In total, data was available for 14,157 children (51% male), ranging in age from 0–14 y. Characteristics of the children are presented in Table 1.

Table 1. Age and gender characteristics of the participants and proportion of children suffering from acute malnutrition.

Stunting increased with age with respectively 36% and 41% of children under and above 5 yrs aving HAZ <-2 z-scores. The same patterns was seen for acute malnutrition with the prevalence of WHZ<-2 z-scores and WHZ<-3 z-scores being 11% and 1% respectively in children under 5 y, whereas thinness and severe thinness were found in 26% and 5% of the children above 5 respectively. In children under 5 y, prevalence of acute malnutrition and severe acute malnutrition identified using actual WHO MUAC cut-offs of 12.5 cm and 11.5 cm were 3% and 0% respectively (Table 2).

Table 2. Validity of actual WHO cut-off for severe and acute malnutrition in children <5 y.

The sensitivity of MUAC ranged from 6.5% to 32.9% in children with acute malnutrition and from 0% to 18.2% in children with severe acute malnutrition with large differences between boys and girls (Table 2).

New cut-offs are presented in Table 3. When segregated into smaller age groups, sensitivity of MUAC to identify acute malnutrition increased considerably, with sensitivities from 49% to 76% for acute malnutrition, and from 55% to 83% for severe acute malnutrition. Sensitivity of the new cut-offs is higher for acute malnutrition than for severe acute malnutrition.

Table 3. New cut-offs by age group and gender for severe and moderate acute malnutrition for children from 0 to 14y.

For new cut-offs, in children above 5y, sensitivity ranged from 58% to 94%. Youden index ranged from 31% to 64% for both acute malnutrition and severe acute malnutritionThe difference between the highest Youden index and the Youden index for the selected cut-off was between 0 and 4%.

The new MUAC cut-offs for acute malnutrition and severe acute malnutrition increase with age (Fig 1) over the whole age range from 0–14 years. In both children below and above 5 y, cut-offs are generally higher for boys than for girls, but the difference between boys and girls was never more than 0.5cm and both cut-offs followed the same pattern. However, in the age group 8–10.9 y cut-off are higher in girls than in boys. The difference in new MUAC cut-off between identifying acute malnutrition (WHZ<-2) and severe acute malnutrition (WHZ<-3) for each gender and age group was small, and varied from 0.2 cm to 1 cm.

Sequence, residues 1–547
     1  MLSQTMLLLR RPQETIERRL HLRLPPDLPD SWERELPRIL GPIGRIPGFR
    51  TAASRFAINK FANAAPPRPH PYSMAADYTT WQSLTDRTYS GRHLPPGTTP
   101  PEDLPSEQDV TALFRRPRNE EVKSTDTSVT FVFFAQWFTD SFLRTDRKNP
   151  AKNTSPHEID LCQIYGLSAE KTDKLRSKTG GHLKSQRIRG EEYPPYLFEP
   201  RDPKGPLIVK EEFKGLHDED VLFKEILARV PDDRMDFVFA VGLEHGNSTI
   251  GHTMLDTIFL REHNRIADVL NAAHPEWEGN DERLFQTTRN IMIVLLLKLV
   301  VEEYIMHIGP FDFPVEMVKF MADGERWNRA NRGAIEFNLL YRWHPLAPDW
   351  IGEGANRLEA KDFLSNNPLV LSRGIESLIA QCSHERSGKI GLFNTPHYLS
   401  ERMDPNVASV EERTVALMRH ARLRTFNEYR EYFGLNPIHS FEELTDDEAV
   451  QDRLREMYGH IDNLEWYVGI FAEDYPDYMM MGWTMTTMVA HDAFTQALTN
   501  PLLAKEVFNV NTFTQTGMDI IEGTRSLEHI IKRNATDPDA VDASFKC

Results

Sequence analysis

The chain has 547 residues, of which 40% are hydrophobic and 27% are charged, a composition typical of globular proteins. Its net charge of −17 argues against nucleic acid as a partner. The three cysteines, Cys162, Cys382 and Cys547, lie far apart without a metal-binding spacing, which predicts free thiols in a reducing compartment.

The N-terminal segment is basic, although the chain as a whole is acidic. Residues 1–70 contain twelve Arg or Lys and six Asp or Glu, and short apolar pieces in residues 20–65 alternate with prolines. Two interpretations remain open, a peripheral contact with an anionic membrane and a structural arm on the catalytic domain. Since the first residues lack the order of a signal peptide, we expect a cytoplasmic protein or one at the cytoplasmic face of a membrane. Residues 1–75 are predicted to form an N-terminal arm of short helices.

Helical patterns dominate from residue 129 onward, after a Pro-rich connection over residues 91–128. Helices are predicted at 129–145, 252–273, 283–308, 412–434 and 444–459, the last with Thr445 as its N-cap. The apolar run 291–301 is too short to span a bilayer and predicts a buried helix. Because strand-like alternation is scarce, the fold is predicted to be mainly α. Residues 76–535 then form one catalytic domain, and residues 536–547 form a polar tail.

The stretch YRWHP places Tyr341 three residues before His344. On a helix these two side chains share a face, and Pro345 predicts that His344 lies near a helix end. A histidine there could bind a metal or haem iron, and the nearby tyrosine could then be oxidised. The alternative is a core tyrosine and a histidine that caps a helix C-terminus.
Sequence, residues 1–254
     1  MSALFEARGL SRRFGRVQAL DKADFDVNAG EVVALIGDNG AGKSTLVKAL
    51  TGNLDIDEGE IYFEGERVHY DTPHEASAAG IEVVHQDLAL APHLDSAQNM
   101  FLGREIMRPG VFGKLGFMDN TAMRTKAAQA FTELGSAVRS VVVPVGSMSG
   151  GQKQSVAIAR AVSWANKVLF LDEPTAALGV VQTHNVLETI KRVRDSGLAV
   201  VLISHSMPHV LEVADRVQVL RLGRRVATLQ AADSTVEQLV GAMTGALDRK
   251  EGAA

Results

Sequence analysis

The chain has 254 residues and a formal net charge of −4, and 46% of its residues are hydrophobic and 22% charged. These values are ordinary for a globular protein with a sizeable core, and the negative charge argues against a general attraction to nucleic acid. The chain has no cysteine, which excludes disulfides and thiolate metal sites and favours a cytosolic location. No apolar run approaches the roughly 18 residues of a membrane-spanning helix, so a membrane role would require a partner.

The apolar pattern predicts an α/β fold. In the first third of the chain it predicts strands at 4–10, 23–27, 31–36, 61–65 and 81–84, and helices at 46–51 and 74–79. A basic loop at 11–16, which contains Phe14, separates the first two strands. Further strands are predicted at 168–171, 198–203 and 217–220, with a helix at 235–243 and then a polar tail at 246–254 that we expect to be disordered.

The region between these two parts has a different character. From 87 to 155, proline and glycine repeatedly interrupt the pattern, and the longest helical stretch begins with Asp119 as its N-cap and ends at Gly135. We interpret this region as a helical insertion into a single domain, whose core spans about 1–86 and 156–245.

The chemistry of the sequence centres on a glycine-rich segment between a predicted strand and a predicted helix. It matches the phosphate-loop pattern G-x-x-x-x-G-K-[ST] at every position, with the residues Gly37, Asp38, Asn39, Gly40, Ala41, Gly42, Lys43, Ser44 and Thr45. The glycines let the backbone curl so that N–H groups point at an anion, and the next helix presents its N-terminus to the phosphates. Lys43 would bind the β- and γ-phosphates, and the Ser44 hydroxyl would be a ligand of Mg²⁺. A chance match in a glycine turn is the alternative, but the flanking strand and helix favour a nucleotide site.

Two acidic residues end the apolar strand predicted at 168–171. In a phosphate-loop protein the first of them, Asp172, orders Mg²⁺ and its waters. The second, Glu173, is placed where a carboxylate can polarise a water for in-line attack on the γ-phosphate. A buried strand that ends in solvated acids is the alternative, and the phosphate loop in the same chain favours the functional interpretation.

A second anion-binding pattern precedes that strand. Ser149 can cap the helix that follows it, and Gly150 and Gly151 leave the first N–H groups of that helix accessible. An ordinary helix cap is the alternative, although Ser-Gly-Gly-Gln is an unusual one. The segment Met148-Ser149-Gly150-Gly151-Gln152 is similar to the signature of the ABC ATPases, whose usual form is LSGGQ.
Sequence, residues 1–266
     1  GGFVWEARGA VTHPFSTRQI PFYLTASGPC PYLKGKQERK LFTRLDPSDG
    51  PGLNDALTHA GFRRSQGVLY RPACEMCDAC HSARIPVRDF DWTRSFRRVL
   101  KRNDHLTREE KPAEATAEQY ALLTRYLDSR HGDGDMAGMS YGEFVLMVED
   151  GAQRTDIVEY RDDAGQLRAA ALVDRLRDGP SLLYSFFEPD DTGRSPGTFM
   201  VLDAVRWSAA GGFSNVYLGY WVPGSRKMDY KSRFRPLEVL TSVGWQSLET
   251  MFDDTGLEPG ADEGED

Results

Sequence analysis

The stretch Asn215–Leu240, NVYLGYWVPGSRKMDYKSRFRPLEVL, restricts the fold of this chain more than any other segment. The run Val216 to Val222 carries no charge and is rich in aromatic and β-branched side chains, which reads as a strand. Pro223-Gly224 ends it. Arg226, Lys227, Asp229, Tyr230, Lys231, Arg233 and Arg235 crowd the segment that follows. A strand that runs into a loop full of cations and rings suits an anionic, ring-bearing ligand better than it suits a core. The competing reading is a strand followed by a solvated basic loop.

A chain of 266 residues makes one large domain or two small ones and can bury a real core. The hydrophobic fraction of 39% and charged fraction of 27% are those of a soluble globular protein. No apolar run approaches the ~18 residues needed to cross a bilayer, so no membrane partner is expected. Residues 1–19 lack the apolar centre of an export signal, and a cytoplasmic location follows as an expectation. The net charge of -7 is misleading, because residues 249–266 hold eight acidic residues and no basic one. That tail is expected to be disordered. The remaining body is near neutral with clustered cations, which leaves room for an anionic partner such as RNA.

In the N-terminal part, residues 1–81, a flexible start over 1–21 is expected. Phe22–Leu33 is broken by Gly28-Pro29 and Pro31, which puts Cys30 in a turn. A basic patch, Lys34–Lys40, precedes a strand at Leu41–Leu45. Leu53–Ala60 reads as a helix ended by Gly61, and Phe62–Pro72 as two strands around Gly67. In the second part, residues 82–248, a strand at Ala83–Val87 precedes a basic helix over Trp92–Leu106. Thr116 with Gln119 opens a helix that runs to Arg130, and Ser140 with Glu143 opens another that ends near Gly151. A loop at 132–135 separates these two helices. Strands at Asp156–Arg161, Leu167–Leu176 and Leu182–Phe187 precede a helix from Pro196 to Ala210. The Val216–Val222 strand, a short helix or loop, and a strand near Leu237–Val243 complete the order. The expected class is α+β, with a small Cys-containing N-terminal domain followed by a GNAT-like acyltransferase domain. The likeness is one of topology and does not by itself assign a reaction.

Fig 1. Optimal cut-offs for acute malnutrition (AM) and severe acute malnutrition (SAM) by age group and gender.

In children below 2 y, MUAC were lower in stunted children than in non-stunted children (Table 3). In the children from 2–5 years, all wasted children were also stunted, so no cut-off for stunted versus non stunted children could be calculated for this age group.


In this paper, optimal cut-offs for MUAC to identify acute malnutrition calculated from a pooled dataset of Cambodian children, taking age and gender into account, were higher than the current WHO recommendation. To our knowledge, this is the first paper to report optimal MUAC cut-offs in Asian children, and cut-offs for children >5 y of age. Sensitivity of identifying children with a WHZ <-2 z-score was drastically improved (from <25% to >80%) with the new cut-offs. A consequence of the higher sensitivity is of course a lower specificity, and indeed the number of false-positive cases increased also.

For example, in our dataset, 1045 wasted children (WHZ <-2 z-scores), including 155 children with WHZ <-3 z-score, were not identified as suffering from acute malnutrition by the current WHO MUAC cut-offs of 12.5cm, corresponding to 83% of wasted children below 5 y. Using the new cut-offs for gender and age as recommended in the current paper to screen for acute malnutrition, we missed only 154 wasted children (12.3%). However, using the cut-offs recommended in this paper, 4152 children would have been wrongly identified as having acute malnutrition, while using the current WHO cut-off, only 187 children would have been wrongly identified for acute malnutrition. The difference between new cut-offs for acute and severe acute malnutrition is narrow (Table 3) so we suggest to only retain cut-offs for acute malnutrition.